Brunch crunch

 

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S.I.L. defines brunch in this city – but who in their right mind wants to Stand In Line on a chilly weekend morning? Sadly, plenty. Hogtowners waiting for brunch is a Toronto phenom and I feel like the Luckiest Girl in Town when I sidle up to the entrance of Lady Marmalade (898 Queen Street East) or Bonjour Brioche (812 Queen Street East) and there’s no one standing there before me, huffing and gasping un-caffeinated breaths of frustration.

I thought things might improve if I went west. A few weekends ago, I crawled out of my lower Riverdale comfort zone and set my dream compass for Vancouver, where they’ve been bragging about tulips and cherry blossoms for months. But reality set in. I was stuck in my SUV, desperate and grumpy with hunger and reached no further than Bathurst and College, land of graffiti-splashed laneways and more cyclists than our mayor can wave a coke pipe at.

Aunties and Uncles (74 Lippincott Street, at College) is a veritable temple to the dawn-time repast. My Designated Eater and I were both blinded with culinary visions of A&U’s garlicky hash browns ensconced in bacon fat and their soft and pudgy breakfast tacos spiked with chorizo, spilling at the seams with scrambled eggs, pinto beans, cheddar cheese, cilantro and sour cream. But a large crowd of cell-phone-enabled twenty-somethings were already milling about, filling up their outdoor patio like a menacing swarm of tattooed wasps. We knew we were beat.

So we went east again, two blocks, our eyes now fixed on the newly-opened-for-brunch Windup Bird Cafe (382 College Street at Borden). Hail! The entrance contained not a soul – save for a young, pretty server, who rushed up to offer us the unbelievable: one of two free brunch tables on a Sunday in Toronto.

Loaded with windows, Windup Bird Cafe makes morning feel full of promise. IMG_6789-edit2While the spring sun streamed in, we felt caressed by the brunch gods and ordered the basics: Eggs Bennie and simple scrambled eggs. Both broke from the mould, featuring an emerald-green pile of lightly sautéed Swiss chard and kale. (Okay, greens are not everyone’s thing but you-know-who scarfed down one and a half portions long before my third-refill of rich, brewed coffee.)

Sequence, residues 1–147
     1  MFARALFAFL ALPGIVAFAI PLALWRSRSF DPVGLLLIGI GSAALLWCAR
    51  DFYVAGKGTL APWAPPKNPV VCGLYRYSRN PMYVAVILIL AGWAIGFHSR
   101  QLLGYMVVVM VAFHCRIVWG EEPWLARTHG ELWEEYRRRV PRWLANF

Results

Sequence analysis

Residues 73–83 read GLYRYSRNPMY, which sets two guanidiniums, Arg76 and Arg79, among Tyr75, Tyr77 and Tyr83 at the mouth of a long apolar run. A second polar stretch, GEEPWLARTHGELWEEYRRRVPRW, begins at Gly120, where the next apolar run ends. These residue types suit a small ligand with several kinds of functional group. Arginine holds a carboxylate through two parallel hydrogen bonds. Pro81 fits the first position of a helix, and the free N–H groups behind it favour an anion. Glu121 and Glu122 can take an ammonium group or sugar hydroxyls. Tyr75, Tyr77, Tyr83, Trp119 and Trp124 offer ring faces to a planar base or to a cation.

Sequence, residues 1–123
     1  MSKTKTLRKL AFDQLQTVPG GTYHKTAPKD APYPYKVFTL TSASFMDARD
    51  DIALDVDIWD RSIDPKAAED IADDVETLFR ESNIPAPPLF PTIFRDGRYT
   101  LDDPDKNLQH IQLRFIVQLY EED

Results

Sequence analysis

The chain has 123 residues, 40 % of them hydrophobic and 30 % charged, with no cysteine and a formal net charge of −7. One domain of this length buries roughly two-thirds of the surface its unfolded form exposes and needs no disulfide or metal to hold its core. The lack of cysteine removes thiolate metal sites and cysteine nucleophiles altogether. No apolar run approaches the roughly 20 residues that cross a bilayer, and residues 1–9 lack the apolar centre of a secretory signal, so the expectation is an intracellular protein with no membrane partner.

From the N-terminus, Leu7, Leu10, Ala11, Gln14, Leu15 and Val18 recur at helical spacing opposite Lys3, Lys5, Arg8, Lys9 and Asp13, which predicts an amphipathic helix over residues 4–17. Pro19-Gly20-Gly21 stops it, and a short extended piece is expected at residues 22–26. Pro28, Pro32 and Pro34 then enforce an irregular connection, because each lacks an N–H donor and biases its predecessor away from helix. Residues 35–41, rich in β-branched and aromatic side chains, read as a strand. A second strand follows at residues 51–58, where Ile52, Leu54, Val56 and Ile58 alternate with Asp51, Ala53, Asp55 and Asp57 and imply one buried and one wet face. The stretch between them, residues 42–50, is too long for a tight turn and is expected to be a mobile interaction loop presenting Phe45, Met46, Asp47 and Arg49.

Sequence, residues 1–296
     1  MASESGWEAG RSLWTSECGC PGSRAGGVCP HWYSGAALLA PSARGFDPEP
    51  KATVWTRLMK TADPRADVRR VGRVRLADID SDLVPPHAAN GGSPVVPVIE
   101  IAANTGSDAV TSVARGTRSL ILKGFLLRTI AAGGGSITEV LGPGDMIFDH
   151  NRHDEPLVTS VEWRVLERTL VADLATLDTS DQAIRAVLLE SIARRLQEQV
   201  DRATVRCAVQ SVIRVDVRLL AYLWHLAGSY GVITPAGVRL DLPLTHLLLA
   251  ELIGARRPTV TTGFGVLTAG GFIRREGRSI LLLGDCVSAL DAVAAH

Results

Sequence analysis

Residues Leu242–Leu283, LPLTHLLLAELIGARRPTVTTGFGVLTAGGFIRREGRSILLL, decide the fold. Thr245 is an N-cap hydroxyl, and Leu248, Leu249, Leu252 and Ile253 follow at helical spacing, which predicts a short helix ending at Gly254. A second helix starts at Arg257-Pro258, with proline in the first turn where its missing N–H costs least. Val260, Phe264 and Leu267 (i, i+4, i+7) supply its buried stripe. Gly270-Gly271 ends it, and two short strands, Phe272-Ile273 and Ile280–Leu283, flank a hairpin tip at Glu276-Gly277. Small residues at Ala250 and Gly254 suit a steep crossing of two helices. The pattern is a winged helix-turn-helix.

Our table was wobbly, which our server recognized immediately, sending owner Sang Kim to repair. He came armed with a stack of bookmarks to slip beneath the offending leg. But first, he doled out two of them, leading us to discover that Sang is not only handy, but an award-winning Canadian-Korean fiction author who has collaborated with Margaret Atwood, Michael Ondaatje and dozens of other Toronto literary heads in The Stories That Are Great Within Us, recently published by Exile Editions.

Sang has been described as a serial restauranteur. Windup Bird is his seventh restaurant and he’s consulted on the opening of 27 others. He presently presides over three – sort of.  Seoul Food Co and Yakitori Bar (1 Baldwin Street) is a “two-in-one” resto serving up modern Korean and Japanese food.  At “the Bird”, his chef Yumiko Kobayashi focuses on locally-sourced international cuisine and the lunch and dinner menu changes with the seasons. Like brunch, the emphasis is more on local and healthy, versus highfalutin cuisine. Plates are stacked high with my favourite thing – veggies – and every table contains different and very dainty china and silverware. These vintage settings contrast nicely with the mod, lime-green and orange upholstered booths on the second level. It’s an airy, bright spot warmed up with shiny wood floors and patches of exposed brick.

But back to the food: Sang sources his smoky bacon from Metzger Meat products in Hensall, Ontario and buys his bread from the hottest new artisanal bakery in town: Blackbird, which just opened its retail doors in a vacated Cob’s Bakery at 172 Baldwin Street in Kensington. The bread was sublime: a slice of airy, moist Toronto sourdough and a slice of flaxseed and sesame sourdough containing a mystery herb: Oregano, is that you?

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I’ll happily windup my birds and fly back to this cafe soon. And if you, my dear readers, concur, I have essentially committed brunch hari kari. Chances are this spot will be Lineup City the next time I have a hankering for eggs.

6 responses to “Brunch crunch

  1. Thank you for this. It’s lovely. Gratitude…

  2. Good to have you back Mado. Lime leaves and Tastebuds is a welcome read in our restaurant/culinary-mad city. Steve V

  3. Mado – I am so excited you are blogging again! I am hooked (again). Your writing is as delicious as your topic. One question: How does one get to be a Designated Eater? Hugs, S.

  4. Enjoyed the read. Thank you.

  5. A hassle-free brunch? That sounds as glorious as the eggs benny you described! Looking forward to more guidance on where to find yumminess! Wonderful that you are ready to re-start your blog 🙂

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